I realized that while I was asking the priest about the service, he must have known it was starting just then and he hadn’t even told me. I remember feeling angry about that.  I remember thinking why does anyone bother?  And I wonder, even to this day, if sometimes we in the church keep doing that to people -- not being helpful, making people feel far from home, or not welcomed, and when we do, maybe it is really because we are also living in the distant country. We cannot be the welcoming ones because we are really living far from the conviction of God’s abiding love that secures us and makes us safe harbors to those seeking. 
That distant country might be called anxiety -- an anxiety that the great theologian Paul Tillich once said must be taken up by ourselves in the courage to be.[3] The courage to be home in ourselves. When we are home in ourselves, then I think we are comfortable including others. When we are home in ourselves, I think we do not squander our opportunities to love and be loved.  When we are home in ourselves, I think we do not feel we have to compete with our brothers or sisters for a place in the world, or, as our story tells us, a place in God’s house.
But all of us travel to the distant country.  I actually imagine in the first century when Jesus told this story, the father and the brother and the unseen mother would have known where that son was, knew the distant country, because when one of us go off to the distant country, our loved ones know it.  Our friends know it. And we know it. And sometimes in that distant country we lose all our dignity and all our dear possessions and we find ourselves living with the pigs, living with the stench of alienation; living with the wrenching pain of our brokenness. 
The truth is all of us have or have had parts of our lives that smelled from the pig pens we found ourselves in. But this story is telling us that is never our final reality. In fact, those very places of life, the places where we hurt, where we mess us, where we know we are far from our true selves, in those very places we often “come to ourselves” as the story tells us, and we can head home, we can make our way back into our center, into the life of love, into the life of forgiveness and hope.  It’s not that we all have to go to the distant country to have that experience. It’s that we all will go to the distant country. Every last one of us.  And this parable is the map we need on how to come home. And I believe the church at its best is ready to hand out the map, is ready to hold a hand that needs holding in order to find the courage to be.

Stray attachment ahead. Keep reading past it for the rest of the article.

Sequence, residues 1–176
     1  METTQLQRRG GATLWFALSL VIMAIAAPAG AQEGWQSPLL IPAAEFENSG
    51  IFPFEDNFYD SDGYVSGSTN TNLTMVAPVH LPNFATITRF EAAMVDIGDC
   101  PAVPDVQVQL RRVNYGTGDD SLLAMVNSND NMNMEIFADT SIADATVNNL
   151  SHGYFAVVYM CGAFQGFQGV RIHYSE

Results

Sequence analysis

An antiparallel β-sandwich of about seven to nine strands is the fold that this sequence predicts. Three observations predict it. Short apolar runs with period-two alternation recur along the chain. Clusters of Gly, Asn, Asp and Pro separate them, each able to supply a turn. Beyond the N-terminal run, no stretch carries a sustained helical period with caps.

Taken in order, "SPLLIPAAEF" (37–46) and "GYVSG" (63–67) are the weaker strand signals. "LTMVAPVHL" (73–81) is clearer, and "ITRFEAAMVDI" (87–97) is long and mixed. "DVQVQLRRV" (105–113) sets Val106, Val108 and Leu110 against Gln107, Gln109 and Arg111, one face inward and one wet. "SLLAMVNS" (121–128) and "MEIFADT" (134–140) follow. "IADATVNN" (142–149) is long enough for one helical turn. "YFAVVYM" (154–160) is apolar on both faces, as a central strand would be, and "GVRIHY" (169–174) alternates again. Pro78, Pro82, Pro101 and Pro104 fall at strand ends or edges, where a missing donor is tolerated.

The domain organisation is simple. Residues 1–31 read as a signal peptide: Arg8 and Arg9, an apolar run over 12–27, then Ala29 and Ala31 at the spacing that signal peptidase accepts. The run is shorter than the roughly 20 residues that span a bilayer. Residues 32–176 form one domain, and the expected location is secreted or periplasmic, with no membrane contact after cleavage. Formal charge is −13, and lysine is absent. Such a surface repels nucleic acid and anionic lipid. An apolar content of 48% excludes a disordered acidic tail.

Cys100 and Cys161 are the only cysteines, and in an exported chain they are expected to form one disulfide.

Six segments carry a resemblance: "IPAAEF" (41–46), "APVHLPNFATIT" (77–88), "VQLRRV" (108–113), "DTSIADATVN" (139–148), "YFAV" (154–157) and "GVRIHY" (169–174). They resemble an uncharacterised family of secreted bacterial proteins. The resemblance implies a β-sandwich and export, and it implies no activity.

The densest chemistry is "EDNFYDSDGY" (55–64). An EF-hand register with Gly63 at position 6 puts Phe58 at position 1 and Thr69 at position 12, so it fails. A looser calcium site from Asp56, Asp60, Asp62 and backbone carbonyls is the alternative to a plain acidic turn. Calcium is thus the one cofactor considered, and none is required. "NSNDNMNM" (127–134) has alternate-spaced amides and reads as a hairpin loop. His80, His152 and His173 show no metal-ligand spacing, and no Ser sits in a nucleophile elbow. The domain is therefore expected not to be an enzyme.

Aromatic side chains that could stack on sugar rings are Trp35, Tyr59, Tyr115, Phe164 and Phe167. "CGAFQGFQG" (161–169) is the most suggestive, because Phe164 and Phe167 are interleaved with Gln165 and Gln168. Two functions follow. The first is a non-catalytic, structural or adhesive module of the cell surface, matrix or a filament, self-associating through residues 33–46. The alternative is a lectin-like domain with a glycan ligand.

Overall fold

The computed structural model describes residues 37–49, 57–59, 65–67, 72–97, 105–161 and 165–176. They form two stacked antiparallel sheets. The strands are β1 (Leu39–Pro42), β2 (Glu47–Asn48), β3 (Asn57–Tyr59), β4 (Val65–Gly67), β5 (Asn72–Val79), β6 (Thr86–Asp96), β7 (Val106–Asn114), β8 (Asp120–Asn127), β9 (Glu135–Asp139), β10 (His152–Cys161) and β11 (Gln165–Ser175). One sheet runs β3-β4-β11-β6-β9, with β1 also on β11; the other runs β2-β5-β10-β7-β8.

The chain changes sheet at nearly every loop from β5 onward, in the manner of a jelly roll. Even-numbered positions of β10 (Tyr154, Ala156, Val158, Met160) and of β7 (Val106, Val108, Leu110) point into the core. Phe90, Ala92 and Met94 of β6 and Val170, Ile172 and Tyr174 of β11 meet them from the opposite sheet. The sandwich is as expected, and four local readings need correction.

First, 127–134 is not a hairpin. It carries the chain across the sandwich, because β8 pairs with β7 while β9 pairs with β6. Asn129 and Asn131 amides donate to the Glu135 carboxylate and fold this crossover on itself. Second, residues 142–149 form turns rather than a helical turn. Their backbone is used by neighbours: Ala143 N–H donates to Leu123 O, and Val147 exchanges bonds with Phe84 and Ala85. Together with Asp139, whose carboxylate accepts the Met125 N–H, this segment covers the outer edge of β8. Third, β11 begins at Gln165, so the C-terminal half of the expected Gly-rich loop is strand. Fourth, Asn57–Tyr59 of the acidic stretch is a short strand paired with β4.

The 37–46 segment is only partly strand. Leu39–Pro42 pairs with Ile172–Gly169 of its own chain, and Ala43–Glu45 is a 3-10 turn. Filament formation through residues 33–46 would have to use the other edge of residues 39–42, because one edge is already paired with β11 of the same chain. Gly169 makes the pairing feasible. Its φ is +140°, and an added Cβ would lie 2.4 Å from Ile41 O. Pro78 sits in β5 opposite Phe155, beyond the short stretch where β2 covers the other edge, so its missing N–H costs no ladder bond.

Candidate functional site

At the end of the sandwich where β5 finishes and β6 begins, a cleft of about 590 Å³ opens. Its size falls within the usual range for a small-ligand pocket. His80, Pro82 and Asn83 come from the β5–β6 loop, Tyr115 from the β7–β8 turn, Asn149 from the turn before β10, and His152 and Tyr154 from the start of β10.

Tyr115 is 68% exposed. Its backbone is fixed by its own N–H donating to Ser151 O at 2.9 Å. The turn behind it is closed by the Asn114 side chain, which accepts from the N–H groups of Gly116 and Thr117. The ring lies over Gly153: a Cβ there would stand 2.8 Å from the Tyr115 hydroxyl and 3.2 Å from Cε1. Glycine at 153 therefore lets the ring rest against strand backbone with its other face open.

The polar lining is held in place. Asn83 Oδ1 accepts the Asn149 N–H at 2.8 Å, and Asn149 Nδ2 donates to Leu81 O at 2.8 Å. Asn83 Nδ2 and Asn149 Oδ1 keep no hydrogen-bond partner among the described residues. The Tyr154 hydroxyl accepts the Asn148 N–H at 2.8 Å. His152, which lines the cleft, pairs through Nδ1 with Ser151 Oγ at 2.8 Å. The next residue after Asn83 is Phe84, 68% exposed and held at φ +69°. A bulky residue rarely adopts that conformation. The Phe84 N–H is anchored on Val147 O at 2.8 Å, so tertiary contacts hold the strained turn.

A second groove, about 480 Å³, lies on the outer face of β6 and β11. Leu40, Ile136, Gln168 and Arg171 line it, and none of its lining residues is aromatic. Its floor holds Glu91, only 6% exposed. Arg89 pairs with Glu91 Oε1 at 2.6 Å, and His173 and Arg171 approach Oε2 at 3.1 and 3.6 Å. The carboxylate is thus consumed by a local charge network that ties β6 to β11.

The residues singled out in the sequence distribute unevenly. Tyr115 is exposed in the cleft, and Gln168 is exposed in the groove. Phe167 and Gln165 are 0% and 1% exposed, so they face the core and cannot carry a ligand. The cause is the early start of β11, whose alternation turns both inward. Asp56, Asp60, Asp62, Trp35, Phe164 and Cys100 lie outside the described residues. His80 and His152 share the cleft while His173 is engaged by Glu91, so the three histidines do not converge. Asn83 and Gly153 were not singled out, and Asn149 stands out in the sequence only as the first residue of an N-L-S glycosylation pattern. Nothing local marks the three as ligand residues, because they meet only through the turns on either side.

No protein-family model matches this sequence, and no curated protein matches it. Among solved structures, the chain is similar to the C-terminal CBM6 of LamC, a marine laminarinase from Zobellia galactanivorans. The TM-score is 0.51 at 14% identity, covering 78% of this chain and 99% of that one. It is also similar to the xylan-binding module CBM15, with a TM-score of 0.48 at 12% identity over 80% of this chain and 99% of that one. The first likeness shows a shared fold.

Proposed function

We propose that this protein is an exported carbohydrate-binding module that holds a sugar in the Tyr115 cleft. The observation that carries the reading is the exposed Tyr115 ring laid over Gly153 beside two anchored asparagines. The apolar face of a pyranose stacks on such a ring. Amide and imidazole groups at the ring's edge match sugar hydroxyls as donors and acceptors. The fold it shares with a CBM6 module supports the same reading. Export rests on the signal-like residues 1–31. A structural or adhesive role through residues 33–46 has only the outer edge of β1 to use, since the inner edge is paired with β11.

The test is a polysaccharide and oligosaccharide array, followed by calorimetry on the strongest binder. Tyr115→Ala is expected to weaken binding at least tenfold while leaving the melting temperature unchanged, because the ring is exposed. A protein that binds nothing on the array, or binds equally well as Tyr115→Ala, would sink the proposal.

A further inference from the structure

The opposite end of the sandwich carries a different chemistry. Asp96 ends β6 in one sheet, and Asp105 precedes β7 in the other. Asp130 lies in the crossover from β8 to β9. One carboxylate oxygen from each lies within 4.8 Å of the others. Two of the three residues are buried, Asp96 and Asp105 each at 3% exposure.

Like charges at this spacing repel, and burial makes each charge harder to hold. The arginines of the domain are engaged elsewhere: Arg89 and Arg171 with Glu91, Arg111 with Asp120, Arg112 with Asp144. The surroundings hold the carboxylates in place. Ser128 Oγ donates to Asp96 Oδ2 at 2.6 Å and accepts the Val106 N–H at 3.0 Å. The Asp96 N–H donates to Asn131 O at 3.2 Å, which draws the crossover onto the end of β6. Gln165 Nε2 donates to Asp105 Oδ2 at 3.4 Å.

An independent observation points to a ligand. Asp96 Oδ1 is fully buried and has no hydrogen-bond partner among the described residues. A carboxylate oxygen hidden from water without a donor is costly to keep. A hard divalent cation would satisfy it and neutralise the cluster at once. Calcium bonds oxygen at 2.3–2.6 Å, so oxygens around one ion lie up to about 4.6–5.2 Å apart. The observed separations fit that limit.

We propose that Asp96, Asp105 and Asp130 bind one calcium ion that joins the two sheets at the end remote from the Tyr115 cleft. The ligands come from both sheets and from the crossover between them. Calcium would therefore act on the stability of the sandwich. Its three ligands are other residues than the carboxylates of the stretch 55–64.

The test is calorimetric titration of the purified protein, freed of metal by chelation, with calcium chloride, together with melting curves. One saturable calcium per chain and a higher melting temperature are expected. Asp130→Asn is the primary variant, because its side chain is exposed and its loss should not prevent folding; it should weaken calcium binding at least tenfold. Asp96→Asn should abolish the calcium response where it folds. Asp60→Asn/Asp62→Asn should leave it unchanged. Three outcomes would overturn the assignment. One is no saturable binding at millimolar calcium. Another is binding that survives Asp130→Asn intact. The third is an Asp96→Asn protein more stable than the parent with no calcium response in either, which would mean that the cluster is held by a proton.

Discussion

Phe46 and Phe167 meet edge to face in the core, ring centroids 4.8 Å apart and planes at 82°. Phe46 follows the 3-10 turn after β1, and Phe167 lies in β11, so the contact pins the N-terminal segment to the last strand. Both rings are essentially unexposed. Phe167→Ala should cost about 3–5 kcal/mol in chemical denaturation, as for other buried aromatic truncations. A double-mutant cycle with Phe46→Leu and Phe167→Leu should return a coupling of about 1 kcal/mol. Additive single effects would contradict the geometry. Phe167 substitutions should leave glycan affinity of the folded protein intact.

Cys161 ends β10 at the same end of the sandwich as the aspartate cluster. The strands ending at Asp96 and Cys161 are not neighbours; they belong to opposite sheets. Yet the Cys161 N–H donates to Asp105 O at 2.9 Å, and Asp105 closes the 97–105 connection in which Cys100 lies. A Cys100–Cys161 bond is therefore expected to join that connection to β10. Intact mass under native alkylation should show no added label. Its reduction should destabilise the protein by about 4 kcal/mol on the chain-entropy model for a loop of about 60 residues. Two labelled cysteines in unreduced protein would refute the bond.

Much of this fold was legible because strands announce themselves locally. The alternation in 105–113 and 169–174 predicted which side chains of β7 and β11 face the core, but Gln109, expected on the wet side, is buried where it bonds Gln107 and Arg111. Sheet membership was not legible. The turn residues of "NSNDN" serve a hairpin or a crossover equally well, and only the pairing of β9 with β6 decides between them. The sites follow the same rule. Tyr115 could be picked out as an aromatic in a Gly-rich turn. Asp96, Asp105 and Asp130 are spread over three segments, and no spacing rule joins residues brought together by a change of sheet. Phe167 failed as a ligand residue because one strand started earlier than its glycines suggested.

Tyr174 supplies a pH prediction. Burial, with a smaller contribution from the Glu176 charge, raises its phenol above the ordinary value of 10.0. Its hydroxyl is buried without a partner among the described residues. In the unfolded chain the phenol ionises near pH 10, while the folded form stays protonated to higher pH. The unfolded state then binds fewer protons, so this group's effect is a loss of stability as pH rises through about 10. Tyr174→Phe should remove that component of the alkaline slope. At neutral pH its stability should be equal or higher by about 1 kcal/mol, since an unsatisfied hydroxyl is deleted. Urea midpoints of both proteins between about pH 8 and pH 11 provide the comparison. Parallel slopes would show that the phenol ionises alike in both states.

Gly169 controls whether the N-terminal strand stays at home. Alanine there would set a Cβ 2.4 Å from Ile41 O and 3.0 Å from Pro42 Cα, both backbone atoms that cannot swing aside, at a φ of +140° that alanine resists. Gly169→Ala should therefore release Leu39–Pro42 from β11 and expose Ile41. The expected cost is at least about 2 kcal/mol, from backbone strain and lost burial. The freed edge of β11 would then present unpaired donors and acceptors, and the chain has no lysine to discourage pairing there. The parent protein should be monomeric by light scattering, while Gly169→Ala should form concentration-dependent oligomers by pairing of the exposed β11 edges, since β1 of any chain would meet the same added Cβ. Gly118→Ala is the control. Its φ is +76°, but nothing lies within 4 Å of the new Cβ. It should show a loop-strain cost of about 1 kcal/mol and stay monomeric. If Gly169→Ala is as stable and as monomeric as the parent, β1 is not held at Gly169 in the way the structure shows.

I do love the image of the waiting father who is watching the road for his son to come home. I do imagine God is like that.  I follow a poet, Rosemerry Wahtola Tommer, who lost her son. Her poem “I want to Listen to the Absences” reminds me so much of how God must feel about us when we have wandered away into the Distant Country:
I want to listen to your absence
the way I listen to the night—
the way the dark somehow
invites a deeper listening.

I want to hear, for instance,
the way silence fills in
where your voice has been,
or the way the room seems to know itself
by the pound of missing footsteps,
and in this way, I find you
where I cannot find you.

I am thinking of how the night opens up
between the calls of the owl
and how I listen in that interval
not only with my ears, but with my skin.
I want to listen for you with my lungs—
as if every breath is attentive
to the syllables of grief, of love.
If I have hope within the exile of our times and in the journey out of exile, it is this: that God is with us. That God thinks about us and longs for our return from the Distant Country.  That God does not move ahead without us, and so, together, as persons and as a community – as the United Methodist Church in Iowa – we must let nothing deter us from moving forward in love, justice, prayer, invitation and service as that is how the energy of God sweeps across our minds and renews us. That is how we come home. Each of us. All of us. 

[1] Nouwen, Henri. The Return of the Prodigal Son. Image: 1994.
[2] Levine, Amy Jill. Short Stories by Jesus: the Enigmatic Parables of a Controversial Rabbi. HarperOne: 2015).
[3] Tillich, Paul. The Courage to Be. Yale University Press, Third Edition: 2014